Anchor Windlass Types – Vertical, Horizonal, Capstan

Shows the parts of a windlass setup (Wikipedia)
Shows the parts of a windlass setup (Wikipedia)

Anchor windlasses let out and retrieve anchors. A windlass manages the rode (chain and/or rope) which attaches the anchor to the bitter end of the hull. The windlass neatly dispenses out and draws back in the rode. The bitter end is a fixture in the forward chain locker. The rode attaches one end to the fixture and travels up through a spill hole, hawser hole, up to the windlass. The rode then wraps around the wheel of the windlass. The wheel is known as variously: gypsy, wildcat, chainwheel, or warping head. The wheel engages the rode for letting out and drawing in. Finally, the rode goes out the windlass wheel, over the bow roller, and attaches to the anchor. The windlass wheel can orient horizontally or vertically. The horizontal way is called a windlass, the vertical a capstan. We assume the windlass as electrically powered.

The axis is horizonal on the traditional windlass.  All parts are above deck.
The axis is horizonal on the traditional windlass. All parts are above deck.

Horizontal Windlass
The traditional horizontal windlass is simple. The wheel, gearbox, and motor are all on deck. All the parts are right there for maintenance making work simple. Every piece is out in the open and enclosed in one protected manifold. Installing means just screwing the windlass down in a good spot over the chain locker with a spill hole for the rode. The chain flows naturally off the horizontal wheel and down the hole with the same compass and angle. The lines flow without kinking or jamming. An nice extra is the ability to have dual wheels. A horizontal windlass can maintain a wheel one each side for a double bow roller set up.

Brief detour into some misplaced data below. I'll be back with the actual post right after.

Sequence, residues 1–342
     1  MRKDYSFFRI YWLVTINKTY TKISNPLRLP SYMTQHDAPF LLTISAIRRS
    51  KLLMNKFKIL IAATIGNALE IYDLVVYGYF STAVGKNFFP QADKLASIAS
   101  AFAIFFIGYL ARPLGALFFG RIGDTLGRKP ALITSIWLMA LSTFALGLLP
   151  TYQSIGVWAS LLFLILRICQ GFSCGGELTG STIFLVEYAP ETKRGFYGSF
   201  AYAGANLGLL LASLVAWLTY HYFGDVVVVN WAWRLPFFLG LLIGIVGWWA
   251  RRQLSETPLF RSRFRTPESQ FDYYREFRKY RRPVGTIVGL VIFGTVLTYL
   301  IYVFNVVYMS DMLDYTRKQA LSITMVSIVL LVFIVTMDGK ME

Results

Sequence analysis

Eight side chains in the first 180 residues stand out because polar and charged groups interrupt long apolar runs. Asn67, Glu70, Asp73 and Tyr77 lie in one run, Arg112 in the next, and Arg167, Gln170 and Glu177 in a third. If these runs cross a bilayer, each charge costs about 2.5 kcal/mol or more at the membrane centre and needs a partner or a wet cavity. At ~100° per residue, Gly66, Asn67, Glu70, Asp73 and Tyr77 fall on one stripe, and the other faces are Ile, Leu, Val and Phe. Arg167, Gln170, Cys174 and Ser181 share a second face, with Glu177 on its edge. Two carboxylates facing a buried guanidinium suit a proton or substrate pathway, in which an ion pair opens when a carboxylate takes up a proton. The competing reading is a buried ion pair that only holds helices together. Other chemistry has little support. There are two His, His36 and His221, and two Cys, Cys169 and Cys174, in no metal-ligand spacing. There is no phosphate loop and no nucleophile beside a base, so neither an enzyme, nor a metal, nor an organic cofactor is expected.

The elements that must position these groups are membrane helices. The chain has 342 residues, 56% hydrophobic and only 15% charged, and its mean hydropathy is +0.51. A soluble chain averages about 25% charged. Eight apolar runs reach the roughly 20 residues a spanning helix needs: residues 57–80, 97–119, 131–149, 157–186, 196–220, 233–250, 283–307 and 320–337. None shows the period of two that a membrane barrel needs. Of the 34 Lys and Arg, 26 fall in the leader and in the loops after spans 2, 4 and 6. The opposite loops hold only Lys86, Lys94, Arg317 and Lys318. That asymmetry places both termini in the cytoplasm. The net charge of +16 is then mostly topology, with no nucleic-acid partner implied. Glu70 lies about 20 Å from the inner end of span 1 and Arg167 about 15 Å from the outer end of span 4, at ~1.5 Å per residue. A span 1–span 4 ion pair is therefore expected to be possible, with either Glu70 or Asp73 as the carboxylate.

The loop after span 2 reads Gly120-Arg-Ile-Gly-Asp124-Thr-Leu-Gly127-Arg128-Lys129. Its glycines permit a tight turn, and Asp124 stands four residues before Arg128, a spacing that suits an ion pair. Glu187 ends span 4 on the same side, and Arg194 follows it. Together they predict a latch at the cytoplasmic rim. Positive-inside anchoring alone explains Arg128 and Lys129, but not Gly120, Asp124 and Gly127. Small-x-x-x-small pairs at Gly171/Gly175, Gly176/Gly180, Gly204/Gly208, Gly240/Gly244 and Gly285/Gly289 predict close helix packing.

A vertical windlass, capstan, has most parts under the deck.  The wheel rotates around a vertical axis like a winch.
A vertical windlass, capstan, has most parts under the deck. The wheel rotates around a vertical axis like a winch.

Vertical Capstan
A capstan like a winch rotates around a vertical axis freeing up space. The gearbox and motor are below deck while the wheel pokes above. Most of the windlass is below deck, safe and invisible. The capstan is free laterally. The capstan feeds out the rode without a dedicated angle. The bow roller and capstan can offset any different directions. They are not necessarily in line or centerline. A side benefit is a lower center of gravity. With the bulk of the parts below deck, the boat may go faster and stabler through the water. The parts solidify the boat’s performance.

Two types of windlass are vertical and horizontal (capstan). A windlass can also power by manual and hydraulics in addition to electrical. A windlass is a must have for large boats and rough seas. The windlass capacity should be three times the weight of the anchor plus rode. For example, a 40′ boat might have a 50 pound anchor plus 200 feet of 3/8″ chain (156 pounds per 100 feet). That is ~350 pounds. The windlass capacity would be 3 x 350 ~= 1,000 pounds. Prices range from $500 for a 500 pound windlass to $5,000 for a 3,000 pounder with double wheels. Price are the same for corresponding capacity horizontal and vertical types. Maxwell and Lewmar are two dominant brands. IDEAL is another good one.

3 Replies to “Anchor Windlass Types – Vertical, Horizonal, Capstan”

  1. Ahoy mateys. It’s I, Black Axel the Pirate of Monkey Isle. I decided to weight anchor and head in. A squall was coming. “Begad, the devil is already here,” I thought. I swung from stay to stay like a grasshopper. I landed on the foredeck, grabbed the rode, and started pulling. I pulled and pulled. With each pull, the sea swelled knocking me like Cat o’ nine tails. “The rode’ll ne’er end.” A blasted, foul wave dropped from starboard. I braced against my wooden leg and pulled in the first links of chain. Then, another way from port threw me athwartship, over the lifelines, and into the briny deep. Don’t afear looking like a sissy, mateys. A fine windlass can do ye well.

    Arghh, an electric windlass can save ye life. As I was swept o’er board pulling up the rode, I luckily latched me hook (Big Red, the villainous swab, cut me right hand off) on the toe rail. I dragged meself back aboard and hunkered down. I spilled whale oil all around me boat to calm the furious sea and fend off Poseidon. Despite me poxy ways, I’m a god fearing pirate. A sailor can’t help be. Mateys, you do well to have a fine windlass.

  2. Very useful introduction about different types of anchor winches. It matters a lot to choose a right and suitable anchor winch for a boat to ensure the reliable anchoring operations.

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